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IARU - Region 2 and MMSN

Background:

At the International Amateur Radio Union (IARU) Region 1 meeting in 2005, it was decided that certain frequencies on certain amateur bands would be designated as "Global Center Of Activity" (GCOA) frequencies.  The purpose of establishing the GCOA frequencies was to designate a place for passing emergency traffic on amateur frequencies, should the need arise.

The following are the established GCOA frequencies:  21,360 KHz, 18,160 KHz, 14,300 KHz, 7,240 KHz, 7,060 KHz, 3,985 KHz and 3,750 KHz.  These can also be viewed at www.iaru-r2.org/band-plan.

The frequencies have now been adopted by ALL IARU regions.  These frequencies are recognized world wide!


So, what does this mean?  It means that the GCOA frequencies should be protected from normal amateur use, contesting, digital modes and other transmissions.

Currently, 14,300 KHz is used by three recognized and well respected nets that have a long established track record of handling emergency traffic from maritime mobile stations, deployed missionaries and any one else that needs assistance.  Over the years the nets have documented hundreds of incidents where emergency, medical, search & rescue and other types of life and death traffic has been passed.  This frequency, even before the IARU recognition, had become the de facto emergency frequency on 20 meters, thanks to the hard work of the nets involved.

The MMSN, in particular, has been formally recognized for it's work with emergency traffic by the Dept. of Homeland Security, the United States Coast Guard and the National Weather Service, to mention a few.

But nobody owns a frequency!  Quite correct.  Nobody can lay claim to any frequency in any of the amateur bands.  However, the nets operating on 14,300 KHz are not involved in casual conversation.  They are, in effect, guarding the frequency and monitoring it for any station that needs assistance.  Stations checking into the nets help to keep the frequency occupied and act as relay stations for the net controller who may not otherwise hear a station in distress due to propagation conditions.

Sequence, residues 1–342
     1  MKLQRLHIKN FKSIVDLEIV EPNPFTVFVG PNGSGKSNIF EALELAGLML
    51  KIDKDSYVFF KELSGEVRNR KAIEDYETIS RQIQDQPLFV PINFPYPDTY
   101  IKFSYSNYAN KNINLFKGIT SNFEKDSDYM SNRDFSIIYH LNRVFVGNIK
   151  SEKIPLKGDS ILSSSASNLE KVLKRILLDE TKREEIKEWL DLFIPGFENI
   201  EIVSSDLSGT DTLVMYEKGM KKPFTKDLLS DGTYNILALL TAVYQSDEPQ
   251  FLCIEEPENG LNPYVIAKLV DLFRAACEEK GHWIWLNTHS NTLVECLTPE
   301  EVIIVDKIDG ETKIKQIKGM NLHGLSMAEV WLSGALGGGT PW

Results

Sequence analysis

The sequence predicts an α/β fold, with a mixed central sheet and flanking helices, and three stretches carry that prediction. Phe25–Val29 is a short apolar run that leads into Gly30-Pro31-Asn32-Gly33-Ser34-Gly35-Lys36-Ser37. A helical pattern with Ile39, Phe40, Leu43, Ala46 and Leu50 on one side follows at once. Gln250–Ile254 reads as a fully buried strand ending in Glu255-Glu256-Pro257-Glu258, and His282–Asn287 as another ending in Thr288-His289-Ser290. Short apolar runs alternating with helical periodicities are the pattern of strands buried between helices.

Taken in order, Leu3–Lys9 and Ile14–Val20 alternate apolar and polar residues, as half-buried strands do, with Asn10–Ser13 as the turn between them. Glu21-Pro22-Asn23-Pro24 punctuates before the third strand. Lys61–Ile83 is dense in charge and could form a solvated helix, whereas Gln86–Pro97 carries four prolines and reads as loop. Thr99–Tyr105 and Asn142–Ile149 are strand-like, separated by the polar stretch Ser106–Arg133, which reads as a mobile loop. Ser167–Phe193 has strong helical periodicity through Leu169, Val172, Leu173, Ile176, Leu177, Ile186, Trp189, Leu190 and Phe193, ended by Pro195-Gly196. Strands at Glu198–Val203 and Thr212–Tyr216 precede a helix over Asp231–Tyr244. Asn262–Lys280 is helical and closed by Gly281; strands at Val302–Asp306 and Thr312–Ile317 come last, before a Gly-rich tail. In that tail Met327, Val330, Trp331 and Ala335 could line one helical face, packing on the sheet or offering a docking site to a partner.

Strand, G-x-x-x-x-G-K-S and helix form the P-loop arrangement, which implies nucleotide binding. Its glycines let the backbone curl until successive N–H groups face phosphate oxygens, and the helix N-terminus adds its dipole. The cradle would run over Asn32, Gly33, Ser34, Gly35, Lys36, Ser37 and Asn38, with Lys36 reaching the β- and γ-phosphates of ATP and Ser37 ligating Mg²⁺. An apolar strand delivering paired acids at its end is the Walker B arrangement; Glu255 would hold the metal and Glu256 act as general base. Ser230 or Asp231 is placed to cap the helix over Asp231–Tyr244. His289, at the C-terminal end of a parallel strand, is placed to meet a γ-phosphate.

What About The Contesters?  Efforts are underway with the major contest sponsors, namely the ARRL, CQ magazine and the IARU, to prohibit contesting on or near the GCOA frequencies.  Some suggestions have been put forward and continued lobbying is progressing favourably.  We have always said that although contesting can be scheduled, emergencies cannot.

At the August 2007 Global Amateur Radio Emergency Communications (GAREC) convention in Hunstville, AL, David Sumner K1ZZ - CEO of the ARRL, undertook to meet with the ARRL contest committees and revamp the contest rules to protect the COA frequencies.

Here is a quote from the ARRL web page and the URL for the complete text.

GAREC also asked Amateur Radio contest organizers to include a provision in their rules that contest participants avoid frequencies in the immediate vicinity of the Center of Activity frequencies (as proposed at GAREC-05); these frequencies are 14.300, 18.160 and 21.360 MHz.  According to Pitts (ARRL spokes person), "This would minimize interference to weak or distant stations which may be passing emergency traffic, but not heard in the contest din."  (www.arrl.org/news/stories/2007/08/24/102/?nc=1)

Although the MMSN is by no means opposed to contesting, we ask that stations participating in a contest remember the GCOA frequencies and give them at least a 5 KHz berth.  This will ensure that any weak station in distress can be heard by someone.  As it is right now (Oct 2007), a ship in distress and calling for assistance on 14,300 KHz during a major contest, stands a much greater than normal chance of not being heard due to the contest interference.  This can greatly impact on the lives of those people in distress.  If you participate in SSB contests, we ask for your understanding and assistance in keeping the GCOA frequencies clear.

73 to all...

Tom Job, VE3II
Assistant Manager
Maritime Mobile Service Network